Backwater occurs when a difficult-to-water-permeable body of silt or clay obstructs the downward movement of the seepage water in the ground. Backwater forms especially after heavy rainfall or after the snow has melted. In the event of prolonged drought and due to the water consumption of the vegetation ( evapotranspiration ), it usually disappears in the course of the vegetation period . The damming body is given the horizon designation Sd, the damming zone the horizon designation Sw.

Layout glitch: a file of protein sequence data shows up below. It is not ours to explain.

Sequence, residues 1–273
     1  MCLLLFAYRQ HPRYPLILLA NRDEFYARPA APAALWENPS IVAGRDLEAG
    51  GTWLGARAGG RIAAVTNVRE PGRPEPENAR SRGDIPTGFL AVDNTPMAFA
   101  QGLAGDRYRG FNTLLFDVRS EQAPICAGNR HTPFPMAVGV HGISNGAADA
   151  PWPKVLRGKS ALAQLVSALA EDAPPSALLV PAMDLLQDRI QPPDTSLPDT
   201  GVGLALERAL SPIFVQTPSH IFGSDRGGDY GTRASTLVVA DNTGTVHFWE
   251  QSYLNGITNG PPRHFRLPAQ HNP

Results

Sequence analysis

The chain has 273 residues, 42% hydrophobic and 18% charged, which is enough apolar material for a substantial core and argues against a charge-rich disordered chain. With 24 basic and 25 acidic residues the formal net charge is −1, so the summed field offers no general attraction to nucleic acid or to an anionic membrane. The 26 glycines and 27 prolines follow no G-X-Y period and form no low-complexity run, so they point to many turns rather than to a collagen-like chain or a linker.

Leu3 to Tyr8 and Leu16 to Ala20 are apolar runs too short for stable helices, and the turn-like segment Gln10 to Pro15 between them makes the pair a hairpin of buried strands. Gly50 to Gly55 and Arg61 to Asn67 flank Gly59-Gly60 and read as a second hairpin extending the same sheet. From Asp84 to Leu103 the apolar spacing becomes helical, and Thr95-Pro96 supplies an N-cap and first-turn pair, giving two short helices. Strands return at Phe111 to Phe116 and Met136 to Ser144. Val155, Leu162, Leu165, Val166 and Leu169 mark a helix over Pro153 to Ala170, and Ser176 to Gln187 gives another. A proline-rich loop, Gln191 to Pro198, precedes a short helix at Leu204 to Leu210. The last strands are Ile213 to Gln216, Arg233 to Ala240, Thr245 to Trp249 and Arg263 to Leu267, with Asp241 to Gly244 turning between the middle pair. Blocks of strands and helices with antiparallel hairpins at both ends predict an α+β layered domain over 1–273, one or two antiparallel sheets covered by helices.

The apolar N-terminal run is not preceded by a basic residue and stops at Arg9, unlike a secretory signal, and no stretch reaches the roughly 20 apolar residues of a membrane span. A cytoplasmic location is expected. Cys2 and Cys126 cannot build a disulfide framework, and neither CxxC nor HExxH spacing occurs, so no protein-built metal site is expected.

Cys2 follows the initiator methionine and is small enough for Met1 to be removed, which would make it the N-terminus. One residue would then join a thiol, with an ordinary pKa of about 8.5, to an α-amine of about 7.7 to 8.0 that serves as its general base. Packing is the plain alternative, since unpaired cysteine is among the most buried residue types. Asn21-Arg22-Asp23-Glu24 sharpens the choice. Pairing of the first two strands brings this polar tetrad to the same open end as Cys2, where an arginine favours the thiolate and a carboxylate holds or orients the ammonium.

The backwater can be viewed as a special form of groundwater. In contrast to groundwater , which is usually present permanently and also in deeper layers, backwater occurs only temporarily and only near the surface (reservoir bottom <130 cm below the surface); If the reservoir is deeper, the water is usually no longer completely consumed by the vegetation, so that it can be viewed as (permanently available) groundwater. The term backwater is only used in soil science . In geology, all water in the ground is understood as groundwater. In geotechnical engineering , the term stratified water is more commonly used.